We watched what was probably the most beautiful sunset over the “ugly beach” celebrating two years since graduating from Rice with my best friends from Martel college.

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A collared kingfisher enjoying the sunset view with us at Ao Nang

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Reunited with my college roommate in Krabi, Thailand!

Singapore: SciArt, Foodie’s Paradise & The Future

I stand in awe at the top of Marina Bay Sands watching the skyline of Singapore come to life as it turns from gray to blue to purple and white. The rooftop bar turns into a club at night with the best view in town, where I can see the light-show from the Gardens by the Bay. These electronic trees are mesmerizing as I watch from the skybridge to the tunes of “staying alive” and other hits from the ’80s.

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Gardens By the Bay. The artificial trees put on a show as we danced along the skybridge, and my friend taught me West Coast swing.

 

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Marina Bay Sands Hotel

The architecture of the buildings is incredibly aesthetic, and many are designed with the environment in mind, including green roofs for insulation. My favorite was the cloud forest dome, an art exhibit covered with flora from the cloud forest, my favorite biome. The gorgeous wall of greenery and stunning lighting displays at night highlighted the best these ecosystems have to offer. Unfortunately, because they are so sensitive to change by climate change, will this be the last remnants of these forests?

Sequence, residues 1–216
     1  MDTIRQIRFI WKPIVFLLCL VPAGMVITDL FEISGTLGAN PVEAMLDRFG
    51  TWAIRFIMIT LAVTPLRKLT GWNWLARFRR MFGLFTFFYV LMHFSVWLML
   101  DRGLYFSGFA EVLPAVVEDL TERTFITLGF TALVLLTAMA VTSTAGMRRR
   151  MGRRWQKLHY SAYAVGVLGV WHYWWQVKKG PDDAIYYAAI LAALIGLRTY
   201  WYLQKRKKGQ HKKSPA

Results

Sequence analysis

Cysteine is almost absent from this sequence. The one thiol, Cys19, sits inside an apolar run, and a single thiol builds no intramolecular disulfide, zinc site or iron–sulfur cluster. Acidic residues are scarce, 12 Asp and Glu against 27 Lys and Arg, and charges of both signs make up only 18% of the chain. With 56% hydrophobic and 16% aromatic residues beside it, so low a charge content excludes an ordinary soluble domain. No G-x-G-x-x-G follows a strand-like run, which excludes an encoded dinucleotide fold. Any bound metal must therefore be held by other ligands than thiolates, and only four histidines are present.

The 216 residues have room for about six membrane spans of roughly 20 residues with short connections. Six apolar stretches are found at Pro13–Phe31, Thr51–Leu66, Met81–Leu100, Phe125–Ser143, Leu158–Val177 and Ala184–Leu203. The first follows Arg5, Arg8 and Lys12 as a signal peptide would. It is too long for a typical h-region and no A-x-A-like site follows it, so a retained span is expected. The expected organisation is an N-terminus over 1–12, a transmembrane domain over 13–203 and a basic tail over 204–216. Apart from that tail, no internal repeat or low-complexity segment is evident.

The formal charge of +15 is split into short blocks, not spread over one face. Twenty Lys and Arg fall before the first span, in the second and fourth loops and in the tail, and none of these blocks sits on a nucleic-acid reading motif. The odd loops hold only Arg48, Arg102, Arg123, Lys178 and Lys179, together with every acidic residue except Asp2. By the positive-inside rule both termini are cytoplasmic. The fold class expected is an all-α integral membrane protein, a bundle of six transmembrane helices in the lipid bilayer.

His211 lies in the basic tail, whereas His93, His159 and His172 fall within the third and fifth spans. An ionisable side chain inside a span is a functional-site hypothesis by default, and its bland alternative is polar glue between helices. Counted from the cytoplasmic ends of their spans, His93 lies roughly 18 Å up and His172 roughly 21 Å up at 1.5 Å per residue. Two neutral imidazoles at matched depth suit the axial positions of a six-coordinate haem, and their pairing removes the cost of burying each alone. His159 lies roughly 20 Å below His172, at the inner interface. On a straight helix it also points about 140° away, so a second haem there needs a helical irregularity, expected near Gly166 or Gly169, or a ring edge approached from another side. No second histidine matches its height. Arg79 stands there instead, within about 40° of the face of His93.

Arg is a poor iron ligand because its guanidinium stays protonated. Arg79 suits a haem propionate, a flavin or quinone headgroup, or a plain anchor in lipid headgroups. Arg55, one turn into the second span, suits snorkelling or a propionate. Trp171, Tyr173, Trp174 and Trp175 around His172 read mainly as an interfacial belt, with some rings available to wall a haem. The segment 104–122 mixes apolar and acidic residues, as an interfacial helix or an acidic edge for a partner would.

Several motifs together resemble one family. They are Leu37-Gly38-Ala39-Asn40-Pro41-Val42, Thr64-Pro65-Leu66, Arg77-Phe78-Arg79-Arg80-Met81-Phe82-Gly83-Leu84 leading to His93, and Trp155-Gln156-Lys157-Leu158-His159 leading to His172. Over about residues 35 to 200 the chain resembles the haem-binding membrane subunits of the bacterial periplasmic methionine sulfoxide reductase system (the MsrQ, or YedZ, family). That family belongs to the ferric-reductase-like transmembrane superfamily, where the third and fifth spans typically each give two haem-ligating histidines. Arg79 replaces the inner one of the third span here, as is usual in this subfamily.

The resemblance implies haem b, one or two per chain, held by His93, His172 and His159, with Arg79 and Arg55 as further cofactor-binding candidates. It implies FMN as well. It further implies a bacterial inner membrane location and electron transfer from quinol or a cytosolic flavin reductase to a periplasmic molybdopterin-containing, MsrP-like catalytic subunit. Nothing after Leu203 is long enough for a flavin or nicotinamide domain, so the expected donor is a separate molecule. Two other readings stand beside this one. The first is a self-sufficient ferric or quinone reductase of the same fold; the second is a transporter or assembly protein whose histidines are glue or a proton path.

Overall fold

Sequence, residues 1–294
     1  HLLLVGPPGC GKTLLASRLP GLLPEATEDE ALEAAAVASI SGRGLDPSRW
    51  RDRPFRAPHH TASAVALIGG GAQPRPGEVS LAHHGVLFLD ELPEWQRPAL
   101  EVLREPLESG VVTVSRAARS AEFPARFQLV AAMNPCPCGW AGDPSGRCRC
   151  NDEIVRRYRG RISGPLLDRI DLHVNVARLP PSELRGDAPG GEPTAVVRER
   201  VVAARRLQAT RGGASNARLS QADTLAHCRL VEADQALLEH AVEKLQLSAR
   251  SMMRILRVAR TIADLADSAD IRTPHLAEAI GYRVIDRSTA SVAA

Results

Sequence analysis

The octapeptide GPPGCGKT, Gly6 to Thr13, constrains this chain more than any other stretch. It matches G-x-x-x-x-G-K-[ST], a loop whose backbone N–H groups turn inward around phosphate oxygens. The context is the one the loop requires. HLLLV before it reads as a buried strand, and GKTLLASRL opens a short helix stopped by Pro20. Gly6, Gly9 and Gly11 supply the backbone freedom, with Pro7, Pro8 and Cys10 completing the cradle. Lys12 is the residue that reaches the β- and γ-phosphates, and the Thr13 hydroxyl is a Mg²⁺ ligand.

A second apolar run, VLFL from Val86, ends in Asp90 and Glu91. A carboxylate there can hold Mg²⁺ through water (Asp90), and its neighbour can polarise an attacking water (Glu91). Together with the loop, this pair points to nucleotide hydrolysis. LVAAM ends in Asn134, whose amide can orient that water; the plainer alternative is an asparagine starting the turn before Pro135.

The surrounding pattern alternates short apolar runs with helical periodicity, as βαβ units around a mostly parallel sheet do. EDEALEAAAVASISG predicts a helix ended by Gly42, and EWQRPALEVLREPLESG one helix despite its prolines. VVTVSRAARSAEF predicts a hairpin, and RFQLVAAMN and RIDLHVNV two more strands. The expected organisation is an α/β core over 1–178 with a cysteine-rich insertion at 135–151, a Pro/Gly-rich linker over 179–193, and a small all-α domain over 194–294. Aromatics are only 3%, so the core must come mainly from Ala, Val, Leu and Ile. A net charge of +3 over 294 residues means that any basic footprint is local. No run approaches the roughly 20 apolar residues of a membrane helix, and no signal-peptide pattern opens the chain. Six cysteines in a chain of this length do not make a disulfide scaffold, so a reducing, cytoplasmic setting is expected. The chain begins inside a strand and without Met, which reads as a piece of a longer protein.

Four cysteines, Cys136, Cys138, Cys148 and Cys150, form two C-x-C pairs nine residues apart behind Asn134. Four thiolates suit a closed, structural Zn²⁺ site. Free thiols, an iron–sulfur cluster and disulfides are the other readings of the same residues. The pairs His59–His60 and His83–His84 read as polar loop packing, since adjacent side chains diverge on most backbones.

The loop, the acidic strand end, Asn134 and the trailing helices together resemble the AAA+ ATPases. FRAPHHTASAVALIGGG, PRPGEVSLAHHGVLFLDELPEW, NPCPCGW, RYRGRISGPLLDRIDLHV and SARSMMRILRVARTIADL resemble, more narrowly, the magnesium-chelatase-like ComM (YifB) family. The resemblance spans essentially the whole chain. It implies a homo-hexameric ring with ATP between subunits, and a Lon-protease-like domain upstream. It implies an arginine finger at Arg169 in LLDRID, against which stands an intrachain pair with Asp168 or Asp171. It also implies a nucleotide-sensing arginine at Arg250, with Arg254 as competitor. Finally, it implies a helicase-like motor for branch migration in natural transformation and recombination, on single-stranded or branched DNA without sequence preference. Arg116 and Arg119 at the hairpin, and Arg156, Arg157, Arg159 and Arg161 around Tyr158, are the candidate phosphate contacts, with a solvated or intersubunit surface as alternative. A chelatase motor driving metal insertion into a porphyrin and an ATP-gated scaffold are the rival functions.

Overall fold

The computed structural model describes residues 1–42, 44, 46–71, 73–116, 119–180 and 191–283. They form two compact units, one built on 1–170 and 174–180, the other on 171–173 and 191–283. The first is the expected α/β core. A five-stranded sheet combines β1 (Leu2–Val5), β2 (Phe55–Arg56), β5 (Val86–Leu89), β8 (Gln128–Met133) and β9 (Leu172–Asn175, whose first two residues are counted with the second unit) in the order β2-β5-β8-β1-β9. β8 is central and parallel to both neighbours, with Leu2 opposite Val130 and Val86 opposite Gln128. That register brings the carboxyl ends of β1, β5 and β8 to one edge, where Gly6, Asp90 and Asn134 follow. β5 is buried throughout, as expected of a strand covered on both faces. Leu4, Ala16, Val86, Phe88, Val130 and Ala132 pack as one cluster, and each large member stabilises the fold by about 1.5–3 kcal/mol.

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The cloud forest dome, featuring the flora of one of the world’s most endangered ecosystems

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A long-tailed macaque, following us along the trail of Bukit Timah nature reserve.

I was impressed to see how much nature was still intact in Singapore. I woke up at dawn to see monkeys in Bukit Timah reserve along the MacRitchie water catchment, where I spotted a water monitor, a plantain squirrel, and plenty of long-tailed macaques. Hiking to the canopy walk, which was closed, we came back the next day only to get caught in a rainstorm. Still the lush rainforest was gorgeous, and even the botanical garden had a small patch with sunbirds and butterflies flitting around the orchids. My favorite orchid genus, Aranda, had a whole section!